Maybe It's America, Not Us, That's Crazy (But writing – and, refuge in good literature – can help keep us sane)
This Week in Mental Health – Sept. 8 – 14
Mental health clients need to be included as an essential voice at the table when services being designed to help them are in the works, says Gloria Dickerson of the Center for Social Innovation. She was interviewed by SAMHSA’s “Voices From the Field” blog. She also talks about professionals utilizing what’s known as the “recovery model” more. Even SAMHSA changed its definition of “recovery” in 2012 to: “A process of change through which individuals improve their health and wellness, live a self-directed life, and strive to reach their full potential.”
The World Health Organization published its first global report on suicide prevention this week. Some of its numerous findings include that 75 percent of suicides occur in low- and middle-income countries; overall, suicide rates are highest in people 70 year or over; more responsible reporting on suicide by the media can help reduce deaths; and throughout the world a person dies by suicide every 40 seconds. For the press release and full report, visit the the WHO media centre here.
Disability Rights California will be challenging L.A. County’s “Assistant Outpatient Program” (basically, a euphemism professionals and law enforcement agencies use for involuntary outpatient commitment) in court this coming year. DRC plans to follow suit with challenges in San Francisco and Orange County as well. Legalized by Laura’s Law, AOT programs allow government agencies to force those diagnosed with mental illness into treatment programs if they don’t meet the criteria for involuntary inpatient commitment. Read the story at Mad in America.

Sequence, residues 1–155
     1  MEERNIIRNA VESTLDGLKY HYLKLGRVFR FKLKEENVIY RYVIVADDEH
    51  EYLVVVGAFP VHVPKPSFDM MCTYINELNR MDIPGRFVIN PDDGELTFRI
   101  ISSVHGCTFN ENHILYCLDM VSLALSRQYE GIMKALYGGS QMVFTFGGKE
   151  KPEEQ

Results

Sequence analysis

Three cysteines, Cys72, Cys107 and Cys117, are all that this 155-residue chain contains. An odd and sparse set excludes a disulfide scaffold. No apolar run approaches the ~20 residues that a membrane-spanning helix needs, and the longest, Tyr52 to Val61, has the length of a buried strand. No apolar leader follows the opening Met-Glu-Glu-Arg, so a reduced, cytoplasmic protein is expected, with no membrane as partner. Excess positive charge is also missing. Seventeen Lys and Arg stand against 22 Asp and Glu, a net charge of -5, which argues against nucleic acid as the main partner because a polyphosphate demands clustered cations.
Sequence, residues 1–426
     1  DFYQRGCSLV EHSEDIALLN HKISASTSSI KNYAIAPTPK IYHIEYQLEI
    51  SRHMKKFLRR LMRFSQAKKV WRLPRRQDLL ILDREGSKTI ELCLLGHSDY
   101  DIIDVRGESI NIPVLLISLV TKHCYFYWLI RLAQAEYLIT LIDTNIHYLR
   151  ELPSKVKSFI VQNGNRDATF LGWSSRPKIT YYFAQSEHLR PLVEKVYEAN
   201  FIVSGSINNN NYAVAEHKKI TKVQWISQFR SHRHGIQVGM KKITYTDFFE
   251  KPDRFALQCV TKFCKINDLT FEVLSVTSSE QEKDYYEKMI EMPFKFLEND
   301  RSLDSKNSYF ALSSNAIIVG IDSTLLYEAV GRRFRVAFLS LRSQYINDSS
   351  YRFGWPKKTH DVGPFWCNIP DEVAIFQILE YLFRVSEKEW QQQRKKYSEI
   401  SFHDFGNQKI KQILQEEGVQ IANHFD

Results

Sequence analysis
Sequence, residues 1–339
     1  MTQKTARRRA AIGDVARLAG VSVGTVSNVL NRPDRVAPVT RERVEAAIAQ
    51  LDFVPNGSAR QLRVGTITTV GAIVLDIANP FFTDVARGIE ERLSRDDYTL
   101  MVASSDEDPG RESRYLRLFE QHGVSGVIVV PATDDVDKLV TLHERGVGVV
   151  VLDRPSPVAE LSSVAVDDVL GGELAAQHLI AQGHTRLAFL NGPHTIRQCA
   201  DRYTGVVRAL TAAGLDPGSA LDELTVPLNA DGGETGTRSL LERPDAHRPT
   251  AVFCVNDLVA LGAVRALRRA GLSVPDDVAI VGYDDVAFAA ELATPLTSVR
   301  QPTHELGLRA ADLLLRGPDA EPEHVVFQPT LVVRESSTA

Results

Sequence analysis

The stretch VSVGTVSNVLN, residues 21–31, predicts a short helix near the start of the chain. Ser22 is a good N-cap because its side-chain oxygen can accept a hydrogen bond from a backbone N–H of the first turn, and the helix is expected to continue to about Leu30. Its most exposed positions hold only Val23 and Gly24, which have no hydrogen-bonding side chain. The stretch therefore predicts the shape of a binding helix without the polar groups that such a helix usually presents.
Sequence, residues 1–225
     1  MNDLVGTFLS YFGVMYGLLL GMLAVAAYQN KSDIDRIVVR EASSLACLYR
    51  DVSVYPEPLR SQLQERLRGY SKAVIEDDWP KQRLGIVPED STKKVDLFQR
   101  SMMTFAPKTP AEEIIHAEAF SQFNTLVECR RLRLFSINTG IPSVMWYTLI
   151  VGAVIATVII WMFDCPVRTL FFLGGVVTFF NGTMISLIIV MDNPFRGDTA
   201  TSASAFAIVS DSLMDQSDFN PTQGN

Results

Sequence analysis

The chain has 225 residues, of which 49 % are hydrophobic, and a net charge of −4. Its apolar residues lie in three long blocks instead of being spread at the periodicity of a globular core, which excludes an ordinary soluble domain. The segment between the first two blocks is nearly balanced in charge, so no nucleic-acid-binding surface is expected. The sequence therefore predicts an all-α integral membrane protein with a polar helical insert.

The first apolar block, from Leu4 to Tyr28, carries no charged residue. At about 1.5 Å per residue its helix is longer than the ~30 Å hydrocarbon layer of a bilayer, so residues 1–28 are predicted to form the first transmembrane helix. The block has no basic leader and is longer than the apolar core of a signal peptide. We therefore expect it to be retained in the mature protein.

It was also National Suicide Prevention Week this week. Several mental health orgs hosted various online forums to discuss suicide this week. SAMHSA hosted a Webinar on integrating the voice of suicide attempt survivors into prevention approaches.The APA hosted a Twitter chat on suicide, hosted by Gabriela Cora, M.D. You can revisit that discussion on Twitter by searching the hashtag #yourMH, or visiting @APAPsychiatric. @MHChat also hotted an interesting discussion. If you would like to read the guest op-ed a wrote for the San Francisco Bay Guardian on my experience with suicide, you can read it here. One of the best articles written on suicide is this one profiling Dr. Thomas Joiner and his comprehensive theory on the suicide “epidemic” in Newsweek. Joiner boils down suicide risk to three conditions which, if they overlap at the wrong time and you end up in the vortex, results in an often-deadly outcome.
The National Institute of Mental Health director finally acknowledged what reform activists and investigative reporters like Robert Whitaker have been talking about for years – evidence shows that drugging the “mentally ill” to the hilt, even schizophrenics, is not the answer. Read the story here.
As a 40-year-old, single woman who constantly grapples with the pain of never having had a long-term mate – and now being too old to ever have children – I was delighted to discover a psychologist who researches and blogs on this subject at PsychCentral. Bella DePaulo is the author of several books, including “Singled Out: How Singles Are Stereotyped, Stigmatized, and Ignored, and Still Live Happily Ever After”and“Singlism: What It Is, Why It Matters, and How to Stop It.” I will definitely be checking her work out. For now, you can visit her “Single at Heart” blog here.
Here is a great column on 4 tips for improving your emotional resilience, also at PsychCentral.
Patient Centred-Care Doesn’t Go Far Enough: We Need Patient-Perspective Care – the article at Mad in America.